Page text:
“There is no greater fallacy going than that art is expression”: or, “Stopping by Woods on a Snowy Evening”
In a September 1929 letter to his friend Sidney Cox, Robert Frost writes: “There is no greater fallacy going than that art is expression—an undertaking to tell all to the last scrapings of the brain pan.” I’d like to poke around a little and inquire into certain conditions of “authorship” that justify Frost’s dismissal of this “fallacy.”
The incompatibility of pure “expression” and “composition” stems first of all from the transformation—described by T.S. Eliot, Frost, and other poets—of the subjective into the objective. I have in mind here the operation of “extrinsic” or “impersonal” motives upon “intrinsic” and “personal” ones. The idea that the “inner” materials of the artist are “re-formed” by the “outer” materials with (and in) which he must work—a language first of all, but then, within that language, the more confining disciplines of form and genre, say;—this idea helps us better understand a reading of “Stopping By Woods on a Snowy Evening” given by Frost himself in his 1946 essay “The Constant Symbol.”
Much commentary on “Stopping By Woods” has suggested that the poem expresses, in some way, a desire for self-annihilation. The idea is well-handled by Richard Poirier in Robert Frost: The Work of Knowing: “The recognition of the power of nature, especially of snow, to obliterate the limits and boundaries of things and of his own being is, in large part, a function here of some furtive impulse toward extinction, an impulse no more predominate in Frost than in nature.” Frank Lentricchia makes a similar point about Frost’s winter landscapes in general, and quotes an apt passage from Gaston Bachelard‘s The Poetics of Space: “In the outside world, snow covers all tracks, blurs the road, muffles every sound, conceals all colors. As a result of this universal whiteness, we feel a form of cosmic negation in action.” During Frost’s lifetime, however, the matter was handled much less sensitively. Readers sometimes set his teeth on edge with intimations about “personal” themes in the poem, as if it expressed a wish quite literally for suicide, or marked some especially dark passage in the poet’s life. Louis Mertins reports that Frost once spoke to him as follows (similar remarks may be found in transcripts of a number of Frost’s public readings):
I suppose people think I lie awake nights worrying about what people like John Ciardi of The Saturday Review write and publish about me. Now Ciardi is a nice fellow—one of those bold, brassy fellows who go ahead and say all sorts of things. He makes my “Stopping By Woods” out a death poem. Well, it would be like this if it were: I’d say, “This is all very lovely, but I must be getting on to heaven.” There’d be no absurdity in that. That’s all right, but it’s hardly a death poem. Just as if I should say here tonight, “This is all very well, but I must be getting on to Phoenix, Arizona, to lecture there.”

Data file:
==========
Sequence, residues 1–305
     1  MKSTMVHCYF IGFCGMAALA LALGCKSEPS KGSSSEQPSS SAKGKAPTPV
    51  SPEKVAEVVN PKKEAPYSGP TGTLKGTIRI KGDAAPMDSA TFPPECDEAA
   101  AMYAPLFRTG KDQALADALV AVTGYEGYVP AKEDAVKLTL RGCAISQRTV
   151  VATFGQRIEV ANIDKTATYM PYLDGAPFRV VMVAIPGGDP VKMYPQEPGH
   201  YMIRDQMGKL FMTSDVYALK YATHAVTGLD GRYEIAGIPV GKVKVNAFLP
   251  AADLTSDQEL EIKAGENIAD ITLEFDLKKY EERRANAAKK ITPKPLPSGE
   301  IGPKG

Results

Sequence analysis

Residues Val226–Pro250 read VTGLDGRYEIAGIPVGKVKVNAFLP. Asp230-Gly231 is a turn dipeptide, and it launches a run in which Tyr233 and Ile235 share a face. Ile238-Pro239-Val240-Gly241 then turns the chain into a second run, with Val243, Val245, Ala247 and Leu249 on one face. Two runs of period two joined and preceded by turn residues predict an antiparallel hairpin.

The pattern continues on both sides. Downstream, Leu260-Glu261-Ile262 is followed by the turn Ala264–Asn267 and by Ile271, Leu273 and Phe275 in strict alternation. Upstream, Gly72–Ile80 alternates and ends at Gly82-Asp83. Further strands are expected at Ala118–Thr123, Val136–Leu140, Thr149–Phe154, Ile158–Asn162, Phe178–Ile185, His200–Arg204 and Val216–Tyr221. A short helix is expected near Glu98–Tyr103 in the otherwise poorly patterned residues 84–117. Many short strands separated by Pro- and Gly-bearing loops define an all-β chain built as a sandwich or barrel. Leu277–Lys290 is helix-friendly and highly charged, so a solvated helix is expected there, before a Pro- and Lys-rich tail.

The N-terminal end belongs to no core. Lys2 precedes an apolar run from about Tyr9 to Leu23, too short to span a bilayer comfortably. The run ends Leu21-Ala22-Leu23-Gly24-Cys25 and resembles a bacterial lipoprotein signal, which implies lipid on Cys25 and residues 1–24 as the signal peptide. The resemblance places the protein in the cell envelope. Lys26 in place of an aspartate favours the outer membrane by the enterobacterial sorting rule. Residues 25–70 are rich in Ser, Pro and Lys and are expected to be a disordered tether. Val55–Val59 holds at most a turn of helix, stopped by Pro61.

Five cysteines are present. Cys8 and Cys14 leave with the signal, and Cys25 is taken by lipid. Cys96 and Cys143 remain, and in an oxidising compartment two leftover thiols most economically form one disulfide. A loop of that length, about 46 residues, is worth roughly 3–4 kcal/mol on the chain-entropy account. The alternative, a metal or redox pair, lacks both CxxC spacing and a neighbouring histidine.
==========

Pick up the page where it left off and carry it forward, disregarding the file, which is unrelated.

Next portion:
Frost often couples intimations of private suffering with statements about their irrelevance. William Pritchard describes the practice well in pointing out how Frost typically “holds back any particular reference to his private sorrows while bidding us to respond to the voice of a man who has been acquainted with grief.” It is worth bearing in mind that, later in the conversation with Louis Mertins, Frost says: “If you feel it, let’s just exchange glances and not say anything about it. There are a lot of things between best friends that’re never said, and if you—if they’re brought out, right out, too baldly, something’s lost.”
To similar effect, he writes in a letter to Sidney Cox: “Poetry is a measured amount of all we could say an [i.e., if] we would. We shall be judged finally by the delicacy of our feeling for when to stop short. The right people know, and we artists should know better than they know.” I think inevitably of T. S. Eliot in “Tradition and the Individual Talent“: “Poetry is not a turning loose of emotion, but an escape from emotion; it is not the expression of personality, but an escape from personality. But, of course, only those who have personality and emotions know what it means to want to escape from these things.” He has in mind the sort of readers and writers Frost acknowledges here: “The right people know, and we artists should know better than they know.” In any case, Frost’s caveat to Mertins is probably meant both subtly to validate Ciardi’s suggestion about “Stopping By Woods” and to lay a polite injunction against it.